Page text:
Weber-Morgan guide to healthful living now online

Aug 17 2013 - 7:24pm


OGDEN -- The percentage of overweight adults in Utah has more than doubled since 1989, and the percentage of overweight children in the state has tripled since the 1960s.

The Weber-Morgan Health Department has a Healthy Living Resource Guide that is now available online. The guide offers one-stop information on free and low-cost options for physical activity, nutrition and safety resources in the community.

"We really tried to make it appeal to everyone, whether you are a visitor and are looking for a biking trail or a longtime resident looking for ways to branch out," said Rochelle Creager, health educator with the health department.

New to the guide, now in its third edition, is a roundup of splash pads and other water features that have recently opened.

Also available is address and contact information for open gyms, recreations centers, swimming pools, skate parks, ice-skating rinks and recreation programs for youths and adults that facilitate year-round physical activity.

The guide also offers tips on healthful eating, including ways to limit calories, good food and drink choices, and where to find farmers markets, food banks and breast-feeding education support.

It features many suggestions as well, including eating together as a family, not snacking in front of the TV, drinking more water and adding more fish, beans, whole grains and fruits and vegetables to the diet.

All kinds of health problems can stem from being overweight, including high blood pressure and cholesterol, stroke, arthritis, some cancers, respiratory problems, heart disease, sleep apnea and type 2 diabetes, Creager said.

In addition, children who are obese have a higher risk of being obese in adulthood. They are also more likely to be bullied and suffer anxiety, depression, isolation and low self-esteem, Creager said.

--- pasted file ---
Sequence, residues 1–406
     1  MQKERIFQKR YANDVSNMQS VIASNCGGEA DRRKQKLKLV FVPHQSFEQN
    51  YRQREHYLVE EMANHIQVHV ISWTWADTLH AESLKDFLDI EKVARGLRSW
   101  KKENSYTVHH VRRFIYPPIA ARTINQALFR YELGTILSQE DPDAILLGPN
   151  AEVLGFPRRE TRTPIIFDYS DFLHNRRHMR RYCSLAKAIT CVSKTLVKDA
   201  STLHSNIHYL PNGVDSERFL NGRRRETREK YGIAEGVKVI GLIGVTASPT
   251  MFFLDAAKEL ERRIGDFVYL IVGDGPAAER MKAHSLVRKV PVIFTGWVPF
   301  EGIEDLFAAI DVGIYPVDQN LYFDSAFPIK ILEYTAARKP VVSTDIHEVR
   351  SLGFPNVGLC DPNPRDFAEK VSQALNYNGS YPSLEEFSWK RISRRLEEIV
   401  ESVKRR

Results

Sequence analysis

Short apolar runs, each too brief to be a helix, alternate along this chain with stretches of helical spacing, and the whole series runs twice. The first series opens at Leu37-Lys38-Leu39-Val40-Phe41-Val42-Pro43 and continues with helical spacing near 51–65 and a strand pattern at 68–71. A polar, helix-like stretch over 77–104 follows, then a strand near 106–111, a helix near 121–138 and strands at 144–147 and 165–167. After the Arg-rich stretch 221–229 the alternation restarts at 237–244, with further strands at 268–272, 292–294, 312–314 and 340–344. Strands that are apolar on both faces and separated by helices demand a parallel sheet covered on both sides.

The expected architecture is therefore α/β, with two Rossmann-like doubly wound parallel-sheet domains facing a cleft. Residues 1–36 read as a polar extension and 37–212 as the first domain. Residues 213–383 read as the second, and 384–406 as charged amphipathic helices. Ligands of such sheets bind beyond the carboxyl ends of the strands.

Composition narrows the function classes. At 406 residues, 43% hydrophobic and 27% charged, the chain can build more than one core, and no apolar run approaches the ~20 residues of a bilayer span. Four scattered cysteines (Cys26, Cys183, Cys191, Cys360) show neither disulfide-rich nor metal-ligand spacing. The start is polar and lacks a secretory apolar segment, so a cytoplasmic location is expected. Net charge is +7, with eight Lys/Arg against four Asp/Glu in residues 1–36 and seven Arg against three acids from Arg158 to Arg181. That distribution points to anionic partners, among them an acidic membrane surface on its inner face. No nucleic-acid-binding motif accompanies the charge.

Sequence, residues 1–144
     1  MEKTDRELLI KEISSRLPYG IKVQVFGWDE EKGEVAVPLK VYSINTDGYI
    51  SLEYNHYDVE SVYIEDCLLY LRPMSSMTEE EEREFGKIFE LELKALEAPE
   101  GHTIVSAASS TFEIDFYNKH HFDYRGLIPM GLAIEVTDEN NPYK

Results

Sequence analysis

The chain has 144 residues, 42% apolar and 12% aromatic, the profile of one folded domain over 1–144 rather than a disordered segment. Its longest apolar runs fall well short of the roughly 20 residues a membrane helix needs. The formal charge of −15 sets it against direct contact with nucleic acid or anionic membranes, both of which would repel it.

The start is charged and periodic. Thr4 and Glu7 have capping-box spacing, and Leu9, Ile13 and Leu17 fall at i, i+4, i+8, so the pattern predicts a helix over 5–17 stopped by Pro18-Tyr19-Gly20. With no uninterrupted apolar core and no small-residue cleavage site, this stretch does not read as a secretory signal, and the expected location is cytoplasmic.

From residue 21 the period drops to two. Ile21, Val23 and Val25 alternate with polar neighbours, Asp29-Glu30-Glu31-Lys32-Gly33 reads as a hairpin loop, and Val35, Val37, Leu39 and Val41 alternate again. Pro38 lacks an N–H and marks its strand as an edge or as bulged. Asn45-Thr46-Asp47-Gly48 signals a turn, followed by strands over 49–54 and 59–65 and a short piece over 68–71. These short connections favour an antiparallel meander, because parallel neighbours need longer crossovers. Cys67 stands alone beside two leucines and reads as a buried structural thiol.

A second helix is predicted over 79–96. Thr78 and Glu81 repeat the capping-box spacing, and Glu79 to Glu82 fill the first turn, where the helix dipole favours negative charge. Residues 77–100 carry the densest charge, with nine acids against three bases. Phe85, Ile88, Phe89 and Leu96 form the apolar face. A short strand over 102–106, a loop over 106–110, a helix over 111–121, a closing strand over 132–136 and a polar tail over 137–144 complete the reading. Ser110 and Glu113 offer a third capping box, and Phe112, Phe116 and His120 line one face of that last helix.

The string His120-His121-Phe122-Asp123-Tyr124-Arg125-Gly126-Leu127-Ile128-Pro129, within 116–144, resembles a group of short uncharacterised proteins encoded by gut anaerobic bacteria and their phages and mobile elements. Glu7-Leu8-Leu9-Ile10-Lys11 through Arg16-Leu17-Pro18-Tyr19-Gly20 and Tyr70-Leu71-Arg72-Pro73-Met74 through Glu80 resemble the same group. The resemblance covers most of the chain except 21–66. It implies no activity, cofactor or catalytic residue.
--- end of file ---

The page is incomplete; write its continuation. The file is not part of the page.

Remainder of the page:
The percentage of obese children in Utah has increased dramatically over the past decade, according to state Health Department statistics.

From 1994 to 2012, the number of obese third-grade boys increased by 105 percent, from 6 percent in 1994 to 12 percent in 2012.

Obesity among third-grade girls increased by 40 percent over the same period. In 2012, 8 percent of third-grade girls were obese compared to 6 percent in 1994.

Among adolescents in 2011, 8.6 percent of public high school students were obese, and boys were almost three times as likely as girls to be obese (12.2 percent compared to 4.8 percent).

When it comes to safety, topics in the county health guide include current car seat guidelines and other tips to help parents keep their children safe at home and on vacation.

"People don't need to spend a lot of money to try something new or to make healthy changes," Creager said.

"Many times, they just aren't aware of what is available right in their own community. We think the guide can help them accomplish their goals without scouring the Internet or thumbing through the phonebook."

Click here to view the guide.

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